Dozens of dead juvenile short-tailed shearwaters have been found strewn across a lawn outside a popular tourist attraction in south-west Victoria for a fourth straight year.
- Dozens of dead juvenile mutton birds have been found near a known breeding ground in Port Fairy
- The local council fears lighting around the site may have thrown the fledglings off course
- There have been numerous mass shearwater deaths in Port Fairy over the past three years
The short-tailed shearwater, or mutton bird, is one of Australia’s most common and hardy birds.
Each year the birds clock up more than 32,000 kilometres, following the warm weather between the northern and southern hemispheres as they chase an “eternal summer”.
Dozens of juvenile short-tailed shearwaters were this week found strewn across a lawn near a popular breeding ground at Griffiths Island in Port Fairy, three-and-a-half hours west from Melbourne.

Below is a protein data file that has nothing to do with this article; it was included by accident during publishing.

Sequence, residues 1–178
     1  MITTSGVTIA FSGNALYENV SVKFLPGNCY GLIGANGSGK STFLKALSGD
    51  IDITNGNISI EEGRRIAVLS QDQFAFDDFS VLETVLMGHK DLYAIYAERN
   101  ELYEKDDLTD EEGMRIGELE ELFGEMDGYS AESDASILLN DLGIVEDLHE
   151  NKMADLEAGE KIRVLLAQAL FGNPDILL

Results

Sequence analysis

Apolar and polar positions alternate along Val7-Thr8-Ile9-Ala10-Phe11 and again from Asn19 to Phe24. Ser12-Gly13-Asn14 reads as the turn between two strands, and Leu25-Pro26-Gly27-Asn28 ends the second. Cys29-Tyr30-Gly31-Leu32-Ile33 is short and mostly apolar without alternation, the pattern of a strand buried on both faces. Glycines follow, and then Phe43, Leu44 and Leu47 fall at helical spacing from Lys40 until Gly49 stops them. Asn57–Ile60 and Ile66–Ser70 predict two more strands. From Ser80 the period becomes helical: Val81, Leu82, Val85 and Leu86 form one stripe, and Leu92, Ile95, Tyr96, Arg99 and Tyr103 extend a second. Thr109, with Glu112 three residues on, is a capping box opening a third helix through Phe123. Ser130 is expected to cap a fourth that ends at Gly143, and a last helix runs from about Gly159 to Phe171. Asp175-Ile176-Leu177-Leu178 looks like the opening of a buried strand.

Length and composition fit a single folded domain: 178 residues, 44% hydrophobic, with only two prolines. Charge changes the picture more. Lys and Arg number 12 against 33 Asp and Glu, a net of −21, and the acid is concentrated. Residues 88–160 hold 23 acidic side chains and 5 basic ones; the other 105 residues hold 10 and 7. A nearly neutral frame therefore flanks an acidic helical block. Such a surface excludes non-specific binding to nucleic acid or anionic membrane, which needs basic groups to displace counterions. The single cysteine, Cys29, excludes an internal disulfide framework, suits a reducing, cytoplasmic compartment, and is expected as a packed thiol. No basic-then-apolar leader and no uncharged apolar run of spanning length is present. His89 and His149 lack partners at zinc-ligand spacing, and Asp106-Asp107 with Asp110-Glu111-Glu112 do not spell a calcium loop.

The cause of death remains unknown, and Victoria’s Department of Environment and Moyne Shire Council have been notified.
Port Fairy’s short-tailed shearwater population has endured a horror run over the past four years.
Alarm bells were raised in 2019 when the 40,000-strong colony was uncharacteristically late to arrive to its south-west home.
A significant number of shearwater deaths were recorded that summer and again in 2020.
Things were looking brighter last year, with colony numbers bouncing back before this weekend’s latest kill.
It is understood the juvenile birds were expected to leave the island this week to follow their parents north to Alaska for the summer.
The Moyne Shire Council sent staff to collect the birds on Sunday.
“It’s understood artificial light may have an impact on the fledglings,” a council spokesperson said.
“As such, council has taken steps to reduce artificial light in the area around Griffiths Island.
“The light in the rotunda at the entrance to the island causeway will be switched off until after the fledglings have migrated.”
The council is also investigating if other lighting in the area can be lowered or switched off during fledging, while still ensuring safety of the public.
The Department of Environment, Land, Water and Planning was unable to be reached for comment.